Monday, September 17, 2012

Arkhamin Kirjasto: Torches Ablaze (2012)

Under the Radar

So, apparently “New Wave of Finnish Heavy Metal” (NWOFHM) is a thing, at least according to about a half-dozen Finnish bands. I’m not so sure that’s enough to qualify as a “wave” at all. Whether there’s anything to it, I don’t know, but if Arkhamin Kirjasto is any indication, a better term for what’s going on might be “Children of Children of Bodom” (COCOB).

Don’t for one second take that to mean they’re ripping off COB, because they’re not. Like the much more famous band, they take an extreme metal sensibility to an ordinarily much more melodic and accessible style of music. Where COB does a kind of death-meets-power-metal thing, AK is taking death to classic heavy metal. And it is so very, very good.

Most of their songs are basically gruff vocals over NWOBHM songs. That could come off as a poor substitute for having a real singer if the music wasn’t so awesome. The riffs are catchy, and the vocal hooks beg you to sing (growl) along. The solos are great examples of writing with just the right amount of flash so it adds to the music instead of sounding like wankery. They play with high energy, too. In a word, it’s infectious.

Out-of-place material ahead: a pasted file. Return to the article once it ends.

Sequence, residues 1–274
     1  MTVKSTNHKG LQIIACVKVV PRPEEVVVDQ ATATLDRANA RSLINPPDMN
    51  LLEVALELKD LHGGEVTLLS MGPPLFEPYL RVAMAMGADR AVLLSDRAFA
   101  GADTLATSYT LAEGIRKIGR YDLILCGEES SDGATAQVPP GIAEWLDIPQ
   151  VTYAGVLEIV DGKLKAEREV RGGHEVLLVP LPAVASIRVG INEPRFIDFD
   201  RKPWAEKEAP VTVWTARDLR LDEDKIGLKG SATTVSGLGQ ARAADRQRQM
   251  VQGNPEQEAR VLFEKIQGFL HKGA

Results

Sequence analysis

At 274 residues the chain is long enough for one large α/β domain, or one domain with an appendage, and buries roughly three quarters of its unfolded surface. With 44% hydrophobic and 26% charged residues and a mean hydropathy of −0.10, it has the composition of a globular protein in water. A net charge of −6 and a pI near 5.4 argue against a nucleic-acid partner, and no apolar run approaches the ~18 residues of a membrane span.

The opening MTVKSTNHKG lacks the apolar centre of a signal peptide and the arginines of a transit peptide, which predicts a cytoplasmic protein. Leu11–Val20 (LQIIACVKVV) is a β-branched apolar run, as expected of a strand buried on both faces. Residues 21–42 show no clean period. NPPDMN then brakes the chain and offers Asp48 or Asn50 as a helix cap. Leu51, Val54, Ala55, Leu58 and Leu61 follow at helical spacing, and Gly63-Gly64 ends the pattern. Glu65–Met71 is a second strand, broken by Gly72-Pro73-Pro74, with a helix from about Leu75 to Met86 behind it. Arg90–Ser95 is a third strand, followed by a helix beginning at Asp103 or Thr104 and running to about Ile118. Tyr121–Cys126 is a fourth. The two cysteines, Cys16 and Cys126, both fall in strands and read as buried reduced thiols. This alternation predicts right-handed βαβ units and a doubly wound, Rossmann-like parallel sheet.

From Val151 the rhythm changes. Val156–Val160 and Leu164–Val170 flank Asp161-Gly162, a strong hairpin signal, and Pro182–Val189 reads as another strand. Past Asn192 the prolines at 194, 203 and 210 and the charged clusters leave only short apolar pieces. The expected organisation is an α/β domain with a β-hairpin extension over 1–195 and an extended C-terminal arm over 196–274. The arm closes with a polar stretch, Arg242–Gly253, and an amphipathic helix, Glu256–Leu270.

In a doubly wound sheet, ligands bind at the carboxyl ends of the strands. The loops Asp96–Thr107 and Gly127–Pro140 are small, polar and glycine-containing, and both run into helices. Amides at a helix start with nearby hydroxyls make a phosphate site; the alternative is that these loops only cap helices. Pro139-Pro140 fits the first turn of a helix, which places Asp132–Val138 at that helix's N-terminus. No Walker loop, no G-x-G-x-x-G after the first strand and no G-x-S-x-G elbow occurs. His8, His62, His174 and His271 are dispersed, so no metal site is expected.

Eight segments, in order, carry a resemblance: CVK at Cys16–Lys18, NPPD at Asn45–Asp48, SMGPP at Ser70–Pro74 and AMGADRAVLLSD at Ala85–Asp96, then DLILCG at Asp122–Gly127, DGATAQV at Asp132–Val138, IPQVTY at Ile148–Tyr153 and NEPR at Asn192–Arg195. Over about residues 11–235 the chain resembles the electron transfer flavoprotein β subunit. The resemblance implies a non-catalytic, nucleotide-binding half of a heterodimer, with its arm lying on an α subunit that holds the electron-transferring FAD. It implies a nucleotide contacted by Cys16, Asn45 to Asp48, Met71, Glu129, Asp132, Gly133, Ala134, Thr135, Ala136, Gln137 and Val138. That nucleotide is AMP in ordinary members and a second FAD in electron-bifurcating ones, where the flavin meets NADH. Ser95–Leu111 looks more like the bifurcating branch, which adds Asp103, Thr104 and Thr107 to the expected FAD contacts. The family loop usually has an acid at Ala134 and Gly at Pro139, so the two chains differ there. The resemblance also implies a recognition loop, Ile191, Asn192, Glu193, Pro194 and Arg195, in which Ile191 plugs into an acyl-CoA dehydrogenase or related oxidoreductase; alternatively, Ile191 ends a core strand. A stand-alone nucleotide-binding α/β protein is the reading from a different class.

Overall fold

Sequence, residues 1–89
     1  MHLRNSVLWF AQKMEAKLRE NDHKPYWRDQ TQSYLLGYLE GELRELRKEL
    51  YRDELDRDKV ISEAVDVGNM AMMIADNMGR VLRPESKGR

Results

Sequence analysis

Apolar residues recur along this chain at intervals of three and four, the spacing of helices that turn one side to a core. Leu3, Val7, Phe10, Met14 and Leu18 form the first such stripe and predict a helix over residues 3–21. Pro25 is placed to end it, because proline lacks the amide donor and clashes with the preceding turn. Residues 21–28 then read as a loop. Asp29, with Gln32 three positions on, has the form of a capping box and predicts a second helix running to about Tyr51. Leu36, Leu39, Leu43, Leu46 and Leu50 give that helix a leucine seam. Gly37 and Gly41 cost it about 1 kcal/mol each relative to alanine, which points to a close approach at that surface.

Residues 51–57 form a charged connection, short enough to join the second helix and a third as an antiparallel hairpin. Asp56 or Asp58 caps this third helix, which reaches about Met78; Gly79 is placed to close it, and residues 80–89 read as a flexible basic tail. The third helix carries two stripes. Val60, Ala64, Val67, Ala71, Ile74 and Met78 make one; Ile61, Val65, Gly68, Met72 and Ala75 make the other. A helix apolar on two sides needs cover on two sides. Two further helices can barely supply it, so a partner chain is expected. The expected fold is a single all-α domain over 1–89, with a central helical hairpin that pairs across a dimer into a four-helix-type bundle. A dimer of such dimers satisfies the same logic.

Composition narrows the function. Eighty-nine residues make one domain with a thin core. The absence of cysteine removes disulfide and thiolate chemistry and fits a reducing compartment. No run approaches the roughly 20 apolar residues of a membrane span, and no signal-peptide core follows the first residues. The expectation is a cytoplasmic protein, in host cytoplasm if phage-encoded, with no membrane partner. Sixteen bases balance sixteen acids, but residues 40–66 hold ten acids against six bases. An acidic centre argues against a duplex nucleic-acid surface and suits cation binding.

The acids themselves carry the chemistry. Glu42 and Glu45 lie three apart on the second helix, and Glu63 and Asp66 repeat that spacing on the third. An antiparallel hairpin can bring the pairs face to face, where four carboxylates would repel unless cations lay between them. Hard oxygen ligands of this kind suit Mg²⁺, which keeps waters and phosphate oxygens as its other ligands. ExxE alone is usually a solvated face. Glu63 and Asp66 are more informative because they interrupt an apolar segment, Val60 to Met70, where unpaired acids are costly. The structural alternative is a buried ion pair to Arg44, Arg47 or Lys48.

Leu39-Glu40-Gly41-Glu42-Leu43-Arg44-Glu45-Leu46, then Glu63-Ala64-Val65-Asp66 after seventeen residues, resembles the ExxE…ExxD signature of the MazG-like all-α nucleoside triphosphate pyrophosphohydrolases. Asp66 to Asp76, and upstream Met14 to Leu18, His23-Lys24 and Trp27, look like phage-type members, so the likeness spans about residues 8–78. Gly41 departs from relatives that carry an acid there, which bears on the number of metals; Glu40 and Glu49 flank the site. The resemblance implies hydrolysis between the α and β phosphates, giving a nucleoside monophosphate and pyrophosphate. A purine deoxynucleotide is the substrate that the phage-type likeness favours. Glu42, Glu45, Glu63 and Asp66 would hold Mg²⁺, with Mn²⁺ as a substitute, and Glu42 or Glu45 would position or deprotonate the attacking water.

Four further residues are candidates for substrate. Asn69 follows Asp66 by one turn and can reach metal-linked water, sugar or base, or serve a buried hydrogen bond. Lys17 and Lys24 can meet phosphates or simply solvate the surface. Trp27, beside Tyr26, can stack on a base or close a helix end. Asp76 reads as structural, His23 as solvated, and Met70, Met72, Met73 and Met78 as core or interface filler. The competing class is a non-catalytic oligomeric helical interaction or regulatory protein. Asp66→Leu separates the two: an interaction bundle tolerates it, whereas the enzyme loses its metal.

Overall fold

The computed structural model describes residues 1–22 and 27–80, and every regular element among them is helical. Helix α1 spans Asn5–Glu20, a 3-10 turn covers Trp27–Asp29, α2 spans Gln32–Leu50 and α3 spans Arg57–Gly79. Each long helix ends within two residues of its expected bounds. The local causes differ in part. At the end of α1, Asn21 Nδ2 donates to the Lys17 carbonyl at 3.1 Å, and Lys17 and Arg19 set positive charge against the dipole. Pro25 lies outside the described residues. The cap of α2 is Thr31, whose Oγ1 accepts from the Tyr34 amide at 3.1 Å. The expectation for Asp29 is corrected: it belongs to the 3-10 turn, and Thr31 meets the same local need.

But that’s not all they do. They veer somewhat into Swe-death on “Knights of Torment,” or take Swe-death and avant-garde black metal (of all things) on “Thousand Snakes.” “Speed, Yog Sogoth” is just strange, and “When the Light Is Dead and Gone” has Randy Rhoads written all over it.

Torches Ablaze is a fantastic album. It’s catchy, it’s rooted in metal tradition, and yet it’s also somewhat experimental. It’s only too bad that, being relative unknowns on a tiny label (Ektro Records), it will fly under the radar. My prediction: This will be the most criminally forgotten record of 2012.

The Verdict: 4.5 out of 5 stars

Buy Torches Ablaze


  1. This sounds very interesting. I may have to check out more.

  2. They're also exceptionally good live, and put on a real show.

    The musicians are skilled and well-rehearsed, they've got excellent stage presence, and the band meshes.

    Oh, and they all dress as though they were involved in an underground explosion in an abandoned mine just before the start of the gig.